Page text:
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  • Israel’s Urban Kibbutz Movement Lands in North America

    It’s not easy for a commune to adopt a dog. That’s what six members of a new urban kibbutz in Brooklyn learned at the animal shelter. “They said, we don’t adopt out dogs to people in dorms,” recalls Jamie Beran, 26, a founding member of North America’s first kvutza, or collective, affiliated with the Zionist… More ▸

  • In Qatar, Livni Asks Moderates for Help on Peace Process

    Israeli Foreign Minister Tzipi Livni flew to the Qatari capital of Doha in the Persian Gulf this week with an ambitious goal: changing moderate Arab attitudes toward Israel. Livni hoped to convince the Persian Gulf states and other Arab moderates that they and Israel should be on the same side of the barricades against the… More ▸

  • New Book Blasts Gender Inequity, Seeks Change in Organizations

    It’s been 45 years since the U.S. Congress passed the Equal Pay Act, making it illegal to pay men more than women for the same job. It’s been 44 years since Title VI of the Civil Right Act barred employment discrimination on the basis of race or sex, and the Equal Employment Opportunity Commission was… More ▸

  • Action is Needed to Smash Glass Ceiling in Communal World

    Can we talk about gender? Again? Or maybe not. We have been having a conversation in the Jewish community about gender for more than three decades. During that time there have been some remarkable changes: the ordination of women rabbis, the proliferation of egalitarian prayer services and bat mitzvah as a rite of passage. In… More ▸

  • Independence Comes at Time of Uncertainty for Kosovo’s Jews

    On a forlorn road dotted with half-built houses, Ines Quono reflects on her struggle in a land so remote to most Americans it might as well be Oz. But instead of a yellow brick road, there is crumbling, mud-drenched pavement piled high with garbage. “The only thing that works in Kosovo is the banks; we… More ▸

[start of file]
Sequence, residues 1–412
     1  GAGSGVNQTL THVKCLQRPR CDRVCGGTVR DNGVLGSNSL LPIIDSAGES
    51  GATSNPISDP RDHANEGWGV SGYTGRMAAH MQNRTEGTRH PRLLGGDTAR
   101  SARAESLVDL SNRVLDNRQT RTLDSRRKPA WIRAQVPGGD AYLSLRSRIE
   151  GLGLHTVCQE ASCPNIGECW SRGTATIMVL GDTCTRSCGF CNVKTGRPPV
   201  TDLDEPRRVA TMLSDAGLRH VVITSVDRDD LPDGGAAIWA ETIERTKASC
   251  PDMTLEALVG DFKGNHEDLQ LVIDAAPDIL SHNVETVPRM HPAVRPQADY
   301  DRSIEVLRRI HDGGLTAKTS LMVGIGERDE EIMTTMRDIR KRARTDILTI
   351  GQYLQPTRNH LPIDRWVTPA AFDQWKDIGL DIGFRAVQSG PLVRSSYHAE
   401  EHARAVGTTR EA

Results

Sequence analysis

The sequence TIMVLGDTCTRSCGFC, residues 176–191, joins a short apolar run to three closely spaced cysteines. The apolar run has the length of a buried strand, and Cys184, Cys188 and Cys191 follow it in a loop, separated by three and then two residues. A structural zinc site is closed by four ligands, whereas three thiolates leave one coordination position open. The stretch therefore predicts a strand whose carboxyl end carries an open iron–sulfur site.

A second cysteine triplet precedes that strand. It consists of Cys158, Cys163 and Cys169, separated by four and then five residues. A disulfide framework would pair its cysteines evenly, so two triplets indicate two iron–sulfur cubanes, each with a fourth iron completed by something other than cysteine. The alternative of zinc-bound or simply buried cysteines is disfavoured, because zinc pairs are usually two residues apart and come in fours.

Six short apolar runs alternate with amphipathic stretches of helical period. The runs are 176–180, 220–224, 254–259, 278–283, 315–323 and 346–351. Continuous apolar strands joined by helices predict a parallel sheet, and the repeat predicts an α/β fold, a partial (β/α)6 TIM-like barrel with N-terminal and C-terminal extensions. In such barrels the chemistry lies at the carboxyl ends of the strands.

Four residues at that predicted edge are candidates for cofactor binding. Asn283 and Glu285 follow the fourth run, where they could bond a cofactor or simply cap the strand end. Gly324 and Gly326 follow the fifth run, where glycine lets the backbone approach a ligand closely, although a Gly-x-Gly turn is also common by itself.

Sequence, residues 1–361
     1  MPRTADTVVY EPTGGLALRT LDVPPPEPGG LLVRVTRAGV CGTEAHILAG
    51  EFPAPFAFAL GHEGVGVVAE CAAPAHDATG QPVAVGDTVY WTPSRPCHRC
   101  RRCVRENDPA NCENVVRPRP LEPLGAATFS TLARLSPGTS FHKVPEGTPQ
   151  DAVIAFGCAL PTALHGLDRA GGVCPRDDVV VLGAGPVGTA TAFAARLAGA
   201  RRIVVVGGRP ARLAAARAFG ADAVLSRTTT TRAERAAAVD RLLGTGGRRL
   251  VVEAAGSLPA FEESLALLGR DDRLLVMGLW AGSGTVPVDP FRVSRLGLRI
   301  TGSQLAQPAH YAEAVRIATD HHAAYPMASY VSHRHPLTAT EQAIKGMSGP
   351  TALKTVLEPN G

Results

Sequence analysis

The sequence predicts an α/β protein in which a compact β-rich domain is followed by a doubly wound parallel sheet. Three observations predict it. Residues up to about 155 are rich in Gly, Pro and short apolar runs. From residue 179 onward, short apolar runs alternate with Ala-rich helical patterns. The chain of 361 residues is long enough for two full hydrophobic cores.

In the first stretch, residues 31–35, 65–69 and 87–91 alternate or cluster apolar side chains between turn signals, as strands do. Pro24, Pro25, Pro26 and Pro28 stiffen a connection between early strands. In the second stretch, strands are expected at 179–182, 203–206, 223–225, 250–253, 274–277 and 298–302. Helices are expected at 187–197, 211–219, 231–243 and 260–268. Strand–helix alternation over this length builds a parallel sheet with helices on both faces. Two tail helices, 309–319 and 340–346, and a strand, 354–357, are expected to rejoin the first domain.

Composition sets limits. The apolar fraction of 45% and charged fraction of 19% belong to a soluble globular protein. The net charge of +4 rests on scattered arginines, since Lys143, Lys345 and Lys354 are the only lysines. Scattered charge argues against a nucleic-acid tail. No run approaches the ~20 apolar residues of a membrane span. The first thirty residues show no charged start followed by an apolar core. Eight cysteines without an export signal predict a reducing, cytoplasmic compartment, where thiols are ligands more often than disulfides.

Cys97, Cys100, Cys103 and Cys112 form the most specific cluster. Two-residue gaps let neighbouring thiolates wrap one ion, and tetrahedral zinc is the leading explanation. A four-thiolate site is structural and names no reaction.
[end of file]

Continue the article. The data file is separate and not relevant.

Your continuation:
• New Women’s Torah Commentary Enriches Understanding of the Text

    This week marks the debut of "The Torah: A Women’s Commentary," which brings together the scholarship and insights of women from all segments of the Jewish community and from around the world. For the past two years, in advance of the commentary’s publication, I have previewed drafts in congregations across the country. Inevitably, when I… More ▸

  • Synagogue Mergers Are Difficult, but Some Still Succeed

    Ken Waltman and Brian Pearl play ball together. Now they want to pray together. The two men — one from this city’s Conservative congregation, the other a member of the Reform synagogue — say it makes sense for their shuls to merge. A joint steering committee has been exploring merger options since the summer, but… More ▸

  • Two New Orthodox Girls Schools Push Egalitarianism in Jerusalem

    Two new cutting-edge schools that opened in Jerusalem this fall are pushing the envelope on modern Orthodox education in the Jewish capital – and challenging rival schools to follow suit. The Shalom Hartman Institute, a popular pluralistic Orthodox educational institution that already has a junior high and high school for boys, opened a girls school… More ▸

  • Mexican Industrial Group Pushing to Reopen King Solomon’s Mine

    King Solomon of biblical fame would be paying close attention to the Mexican flag flying over the yellow sliding gate in front of the rocky desert hills just south of the Timna Park Reserve in southern Israel. About 18 miles north of Eilat along the stretch of Route 90, the stark, rocky Timna Valley hills… More ▸

  • Sudanese Refugees Flooding Israel Pose Moral and Practical Dilemmas

    It’s early morning in the Negev desert, but there’s a flurry of activity along Israel’s dusty border with Egypt, where small groups of Sudanese plot their escape across the international boundary. On one side lies peril and poverty –crowded refugee camps, scarce jobs and overzealous Egyptian soldiers ready to open fire on anyone trying to… More ▸